The Left Bank and Other Stories (short stories) 1927
Postures [republished as Quartet, 1929] (novel) 1928
After Leaving Mr. Mackenzie (novel) 1931
Voyage in the Dark (novel) 1934
Good Morning, Midnight (novel) 1939
Wide Sargasso Sea (novel) 1966
Tigers Are Better-Looking (short stories) 1968
My Day: Three Pieces (prose) 1975
Sleep it Off, Lady (short stories) 1976
Smile Please: An Unfinished Autobiography (autobiography) 1979
The Collected Short Stories (short stories) 1987
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SOURCE: "Wide Sargasso Sea and the Gothic Mode," in World Literature Written in English, Vol. 15, No. 1, April, 1976, pp. 229-45.
[In the following essay, Luengo discusses gothic themes and motifs in Wide Sargasso Sea, especially the significance of landscape, the occult, and the characterization of victim and villain. "In the final analysis," writes Luengo, "Wide Sargasso Sea must be read as a novel about anxiety."]
Critics have so far failed to place Wide Sargasso Sea within its proper literary context, the Gothic mode of fiction. This is not to say that it should be considered a Gothic novel in the traditional and strictest sense of the term. More than time separates its author from the late eighteenth century world of such quintessentially Gothic novelists as Ann Radcliffe and "Monk" Lewis. Nowhere as sentimental as Radcliffe, much less sensationalistic than Lewis, Rhys moves much deeper than either into the unstable mental world of her characters, much as Charlotte and Emily Brontë were to do when they helped to transform the tired clichés and conventions of the Gothic into powerful tools for exploring the turbid depths of the human spirit.
One might perhaps hazard the term "neo-Gothic" to describe novels such as Jane Eyre, Wuthering Heights, Wide Sargasso Sea and the numerous American writers of fiction from Charles Brockden Brown...
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SOURCE: "Of Heroines and Victims: Jean Rhys and Jane Eyre," in Massachusetts Review, Vol. XVII, No. 3, Autumn, 1976, pp. 540-52.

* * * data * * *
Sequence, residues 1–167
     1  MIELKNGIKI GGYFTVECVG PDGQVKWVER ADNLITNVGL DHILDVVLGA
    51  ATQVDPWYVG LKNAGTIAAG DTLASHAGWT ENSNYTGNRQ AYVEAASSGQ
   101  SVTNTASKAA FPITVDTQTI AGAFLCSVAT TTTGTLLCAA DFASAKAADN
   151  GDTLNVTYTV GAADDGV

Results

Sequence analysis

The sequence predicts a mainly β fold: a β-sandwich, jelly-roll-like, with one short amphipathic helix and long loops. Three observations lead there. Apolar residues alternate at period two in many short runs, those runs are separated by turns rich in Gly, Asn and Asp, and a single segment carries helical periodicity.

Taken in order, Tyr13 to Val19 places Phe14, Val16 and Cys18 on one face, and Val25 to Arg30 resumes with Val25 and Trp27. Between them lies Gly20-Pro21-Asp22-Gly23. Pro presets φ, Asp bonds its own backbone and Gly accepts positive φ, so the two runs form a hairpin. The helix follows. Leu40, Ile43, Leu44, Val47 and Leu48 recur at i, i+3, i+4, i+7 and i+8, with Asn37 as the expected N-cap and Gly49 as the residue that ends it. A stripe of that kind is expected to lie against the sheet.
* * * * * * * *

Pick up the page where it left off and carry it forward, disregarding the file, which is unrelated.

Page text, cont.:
[In the following essay, Porter examines Rhys's portrayal of alienated and dispossessed female protagonists and the interrelationship of Wide Sargasso Sea and Jane Eyre.]
Between 1927 and 1939 Jean Rhys published four novels and a collection of short stories. The novels all have in common a central figure who is an alienated woman and a modern setting, chiefly the years between the two world wars in Paris and London. Whether or not they are actually written in the first person, they adopt the point of view of their solitary heroines, of women who are more or less attractive and more or less mature, but who remain enigmatic and remote. Dependent on but invariably abandoned by men, they seem obscurely destined to drift from man to man and from one dingy hotel room to another. Although they come close to breakdown—this is most apparent in the fortyish Sasha Jansen of Good Morning, Midnight—the novels end characteristically with an abrupt gesture that stops the action short before breakdown can occur. Such, however, is not the case with Jean Rhys's latest heroine, the first wife of Charlotte Bronte's Rochester. In the remarkably new departure in her art that is Wide Sargasso Sea, which was first published in England in 1966, Jean Rhys follows her...
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SOURCE: "Mr. Rochester's First Marriage: Wide Sargasso Sea by Jean Rhys," in World Literature Written in English, Vol. 17, No. 1, April, 1978, pp. 342-57.
[In the following essay, Thomas examines the narrative structure and psychological dynamics of the relationship between Rochester and Antoinette in Wide Sargasso Sea.]
Antoinette Bertha Cosway Mason is the mad wife of Mr. Rochester, imprisoned in the attics of Thornfield Hall, cared for and guarded by Grace Poole. In Wide Sargasso Sea Jean Rhys tells her story, from her earliest memories of fear and loss as the Creole daughter of a former slave owner in Jamaica, to her final dream, after uncounted days and years in Thornfield Hall:
Now at last I know why I was brought here and what I have to do. There must have been a draught for the flame flickered and I thought it was out. But I shielded it with my hand and it burned up again to light me along the dark passage.